What is Lymphedema? And What Does it Mean for my Cancer Diagnosis?
Content and information provided by Kathy Kearse, PT, CLT-LANA
To understand Lymphedema and to honor lymphedema awareness month, let’s talk first about the Lymphatic System. Most people have heard of the Circulatory System, which consists of the heart, arteries, and veins. The lesser known Lymphatic System is a one-way system of vessels, which runs parallel to the blood vessels, starting in the tissue spaces throughout the body (skin, muscle, organs, etc.) and ending at large veins close to the heart.
The two main purposes of the Lymphatic System are
1) To protect the body against infections and disease
2) To drain excess fluid from the body’s tissue spaces.
This tissue fluid is a result of a natural process where blood plasma (a nutritious water) leaves the blood capillaries and enters the tissue spaces to provide healthy nutrients for the cells of the body. The body cells take in nutrition and give off what they no longer need, i.e. “waste products.” The lymphatic capillaries start here, in the tissue spaces. These small vessels have big swinging doors that open up to receive the surplus water and waste products. The lymph capillaries also pick up blood proteins that are too large to be reabsorbed by the blood vessels. On the way to the heart, the lymph vessels travel to regional lymph nodes that filter this watery mixture (lymph). While in the lymph nodes, larger waste material is broken up into smaller particles and anything potentially harmful to the body, such as microbials, are attacked to minimize infection or health issues. This now more concentrated and “clean” lymph continues flowing towards the center of the body where it eventually returns back into the blood stream. I liken this process to the underground pipes of a working water fountain that carries water from the bottom of the fountain back up to the top.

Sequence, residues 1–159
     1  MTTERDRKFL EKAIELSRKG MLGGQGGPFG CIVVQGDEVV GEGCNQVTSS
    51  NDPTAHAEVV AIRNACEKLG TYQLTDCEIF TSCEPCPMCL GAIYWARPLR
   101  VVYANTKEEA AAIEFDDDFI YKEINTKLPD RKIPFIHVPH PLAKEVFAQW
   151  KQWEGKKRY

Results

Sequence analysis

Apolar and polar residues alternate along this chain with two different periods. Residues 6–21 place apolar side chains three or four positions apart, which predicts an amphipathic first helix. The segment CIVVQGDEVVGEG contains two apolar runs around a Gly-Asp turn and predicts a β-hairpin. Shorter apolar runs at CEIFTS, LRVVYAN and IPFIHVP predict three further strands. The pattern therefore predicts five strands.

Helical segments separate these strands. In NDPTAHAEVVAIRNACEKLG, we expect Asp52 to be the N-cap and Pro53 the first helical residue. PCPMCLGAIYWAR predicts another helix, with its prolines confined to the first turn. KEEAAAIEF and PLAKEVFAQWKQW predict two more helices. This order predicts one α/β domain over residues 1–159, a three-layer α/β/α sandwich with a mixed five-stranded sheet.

When there is a disruption of the lymphatic system such as complications from a cancer diagnosis, the ability for lymph to flow out of a particular area may be diminished. This can lead to a backup of lymph fluid in the tissue spaces of the skin with a gradual build-up of cellular waste products and large blood proteins. This accumulation of fluid is known as lymphedema and can occur in an arm, leg, breast, trunk, or genitals in the damaged territory.
The good news is that by managing how much blood flows into the involved area and by promoting good lymph flow out of the involved area you can lower your risk of lymphedema. Helpful activities include 1) good skin care to protect against infections, 2) gentle range of motion exercises for the head, body, arms, and legs, 3) elevation of the involved arm or leg, and 4) gentle stroking the limb from the hand or foot towards the heart throughout the day.
If you would like to learn how to better protect yourself or you believe you may have lymphedema, talk to your doctor about a Physical Therapy consult. You may also contact Provision Physical Therapy directly at 865-232-1415.